Immigrant and refugee children are less likely than their US-born counterparts to access clinical mental health services, even within schools. In order to provide direction and guidance to more effectively design comprehensive mental health programs that reach immigrant and refugee child populations, a comparative case study was conducted to explore specific strategies in place across various schools.
Dr. Olga Acosta Price, Director of the Center for Health and Health Care in Schools, co-authored findings from the case study, which has been recently published in the Journal of School Health. The paper, Identifying Essential Components of School-Linked Mental Health Services for Refugee and Immigrant Children: A Comparative Case Study, discusses four essential components to ensure that mental health programming is meaningful to immigrant and refugee students and their parents.
Read the full article here.
Interest in applying trauma-informed approaches in schools has been increasing in recent years. In this issue brief, researchers provide recommendations for measuring and/or evaluating trauma-informed approaches in schools. Learn more.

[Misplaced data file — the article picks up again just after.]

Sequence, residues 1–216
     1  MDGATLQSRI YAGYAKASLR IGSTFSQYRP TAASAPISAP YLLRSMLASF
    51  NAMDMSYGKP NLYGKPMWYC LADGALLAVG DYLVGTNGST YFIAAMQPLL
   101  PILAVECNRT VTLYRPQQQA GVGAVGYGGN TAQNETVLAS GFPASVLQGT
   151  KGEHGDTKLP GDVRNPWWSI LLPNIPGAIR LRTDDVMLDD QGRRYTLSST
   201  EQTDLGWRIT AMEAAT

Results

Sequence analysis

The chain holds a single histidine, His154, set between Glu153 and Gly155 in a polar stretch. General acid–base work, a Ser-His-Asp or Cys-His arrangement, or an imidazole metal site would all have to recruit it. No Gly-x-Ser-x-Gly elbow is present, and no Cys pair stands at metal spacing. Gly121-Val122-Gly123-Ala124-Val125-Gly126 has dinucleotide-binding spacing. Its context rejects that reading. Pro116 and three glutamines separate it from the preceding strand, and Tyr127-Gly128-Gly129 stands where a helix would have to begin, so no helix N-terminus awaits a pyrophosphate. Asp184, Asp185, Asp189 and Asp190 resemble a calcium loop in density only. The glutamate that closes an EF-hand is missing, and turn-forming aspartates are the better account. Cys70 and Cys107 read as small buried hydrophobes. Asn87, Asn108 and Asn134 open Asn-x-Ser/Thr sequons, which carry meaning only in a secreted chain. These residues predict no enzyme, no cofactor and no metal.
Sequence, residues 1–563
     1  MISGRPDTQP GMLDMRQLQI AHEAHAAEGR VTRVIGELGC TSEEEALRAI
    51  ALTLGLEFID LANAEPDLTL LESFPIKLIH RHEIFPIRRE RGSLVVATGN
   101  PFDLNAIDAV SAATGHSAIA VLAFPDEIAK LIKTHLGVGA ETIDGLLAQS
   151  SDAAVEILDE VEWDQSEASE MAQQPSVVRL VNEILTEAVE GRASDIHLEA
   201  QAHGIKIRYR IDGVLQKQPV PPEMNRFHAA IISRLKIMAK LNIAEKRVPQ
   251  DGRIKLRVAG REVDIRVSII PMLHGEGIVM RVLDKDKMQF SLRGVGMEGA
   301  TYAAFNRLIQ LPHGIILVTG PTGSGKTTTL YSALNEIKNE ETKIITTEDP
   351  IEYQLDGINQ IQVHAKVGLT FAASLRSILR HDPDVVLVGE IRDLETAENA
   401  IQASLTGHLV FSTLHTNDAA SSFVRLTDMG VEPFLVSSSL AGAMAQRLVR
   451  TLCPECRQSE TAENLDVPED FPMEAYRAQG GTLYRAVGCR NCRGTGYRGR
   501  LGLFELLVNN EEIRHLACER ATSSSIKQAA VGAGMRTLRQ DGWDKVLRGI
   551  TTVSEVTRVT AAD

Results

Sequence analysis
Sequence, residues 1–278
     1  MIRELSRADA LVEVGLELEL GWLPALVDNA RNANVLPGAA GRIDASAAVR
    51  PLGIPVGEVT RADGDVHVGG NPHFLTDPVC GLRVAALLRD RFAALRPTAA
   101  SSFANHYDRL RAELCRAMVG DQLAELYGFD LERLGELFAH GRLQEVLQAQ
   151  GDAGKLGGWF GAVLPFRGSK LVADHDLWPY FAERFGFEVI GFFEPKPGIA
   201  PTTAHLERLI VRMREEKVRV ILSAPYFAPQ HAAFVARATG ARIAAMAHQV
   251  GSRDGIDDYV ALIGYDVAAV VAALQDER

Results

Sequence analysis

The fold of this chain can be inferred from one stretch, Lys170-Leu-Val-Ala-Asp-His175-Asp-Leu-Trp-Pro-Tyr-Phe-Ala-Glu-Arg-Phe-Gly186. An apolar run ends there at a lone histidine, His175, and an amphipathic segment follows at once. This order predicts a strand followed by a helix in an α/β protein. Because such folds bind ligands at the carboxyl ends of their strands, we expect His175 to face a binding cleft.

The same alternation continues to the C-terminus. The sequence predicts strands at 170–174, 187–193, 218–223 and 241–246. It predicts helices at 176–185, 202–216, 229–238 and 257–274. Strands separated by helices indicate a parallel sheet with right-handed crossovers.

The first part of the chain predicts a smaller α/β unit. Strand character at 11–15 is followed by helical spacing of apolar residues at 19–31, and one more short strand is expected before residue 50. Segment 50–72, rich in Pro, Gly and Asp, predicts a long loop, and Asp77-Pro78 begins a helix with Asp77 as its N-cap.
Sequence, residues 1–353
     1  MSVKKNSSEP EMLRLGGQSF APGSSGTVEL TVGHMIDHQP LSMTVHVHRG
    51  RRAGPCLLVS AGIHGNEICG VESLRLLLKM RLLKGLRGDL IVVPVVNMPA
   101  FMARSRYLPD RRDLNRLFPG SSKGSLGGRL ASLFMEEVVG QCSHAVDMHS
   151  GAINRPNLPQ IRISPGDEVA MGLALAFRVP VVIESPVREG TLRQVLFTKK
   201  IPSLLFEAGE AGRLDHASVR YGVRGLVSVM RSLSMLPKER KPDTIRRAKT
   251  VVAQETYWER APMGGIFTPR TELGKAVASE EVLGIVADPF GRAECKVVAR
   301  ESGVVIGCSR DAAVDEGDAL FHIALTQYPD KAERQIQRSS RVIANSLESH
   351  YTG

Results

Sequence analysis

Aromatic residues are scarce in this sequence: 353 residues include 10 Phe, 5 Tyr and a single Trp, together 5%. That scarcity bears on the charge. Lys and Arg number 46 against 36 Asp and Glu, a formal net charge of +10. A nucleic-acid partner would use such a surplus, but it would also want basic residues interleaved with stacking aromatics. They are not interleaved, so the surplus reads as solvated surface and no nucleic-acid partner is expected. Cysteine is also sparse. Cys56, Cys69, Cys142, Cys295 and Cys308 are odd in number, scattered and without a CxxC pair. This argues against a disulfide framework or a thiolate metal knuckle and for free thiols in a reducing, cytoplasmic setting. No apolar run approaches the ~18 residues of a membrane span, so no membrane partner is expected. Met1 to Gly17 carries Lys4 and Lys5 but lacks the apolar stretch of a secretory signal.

The Monitor the Future Survey measures drug and alcohol use among adolescents across the country, along with their associated attitudes. Survey results from 2019 have just been released and include information about the prevalence of vaping and other current trends in teen drug use. Learn more.
Supporting direct service programs that promote resilience, stability, and psychosocial health for youth who have experienced Adverse Childhood Experiences. Learn more.
Deadline: March 1, 2020
Supporting programs implementing trainings and interventions and strategies that increase school safety. Learn more.
Deadline: March 20, 2020
*The Center for Health and Health Care in Schools does not administer these funding opportunities. Please refer to each organization for further direction and details.
Support program planning and operations of integrated health care and healthy behaviors into the school model. Learn more.
Oversee Healthy Schools initiative to promote student health and family and community engagement, using the WSCC model. Learn more.
Work with high school students who have identified socio-emotional needs or are at risk for dropping out. Deliver professional development training to other school staff. Learn more.
Hosted by National Network to Eliminate Disparities
Hosted by Life Course Research Network and Forum for Children’s Well-Being
Hosted by Safe and Civil Schools